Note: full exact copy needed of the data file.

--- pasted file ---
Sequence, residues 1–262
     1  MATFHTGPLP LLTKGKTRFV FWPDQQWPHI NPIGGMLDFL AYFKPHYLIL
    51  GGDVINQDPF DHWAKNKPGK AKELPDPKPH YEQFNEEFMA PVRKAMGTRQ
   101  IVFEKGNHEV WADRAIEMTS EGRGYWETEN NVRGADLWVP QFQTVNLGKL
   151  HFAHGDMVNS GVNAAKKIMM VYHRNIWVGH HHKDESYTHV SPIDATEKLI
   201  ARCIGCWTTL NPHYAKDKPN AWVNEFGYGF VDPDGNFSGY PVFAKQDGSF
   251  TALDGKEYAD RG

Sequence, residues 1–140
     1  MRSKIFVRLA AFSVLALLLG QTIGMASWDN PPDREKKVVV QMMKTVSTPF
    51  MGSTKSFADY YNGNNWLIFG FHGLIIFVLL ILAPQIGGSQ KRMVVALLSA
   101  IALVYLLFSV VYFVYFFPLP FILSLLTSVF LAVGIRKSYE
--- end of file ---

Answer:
Sequence, residues 1–262
     1  MATFHTGPLP LLTKGKTRFV FWPDQQWPHI NPIGGMLDFL AYFKPHYLIL
    51  GGDVINQDPF DHWAKNKPGK AKELPDPKPH YEQFNEEFMA PVRKAMGTRQ
   101  IVFEKGNHEV WADRAIEMTS EGRGYWETEN NVRGADLWVP QFQTVNLGKL
   151  HFAHGDMVNS GVNAAKKIMM VYHRNIWVGH HHKDESYTHV SPIDATEKLI
   201  ARCIGCWTTL NPHYAKDKPN AWVNEFGYGF VDPDGNFSGY PVFAKQDGSF
   251  TALDGKEYAD RG

Sequence, residues 1–140
     1  MRSKIFVRLA AFSVLALLLG QTIGMASWDN PPDREKKVVV QMMKTVSTPF
    51  MGSTKSFADY YNGNNWLIFG FHGLIIFVLL ILAPQIGGSQ KRMVVALLSA
   101  IALVYLLFSV VYFVYFFPLP FILSLLTSVF LAVGIRKSYE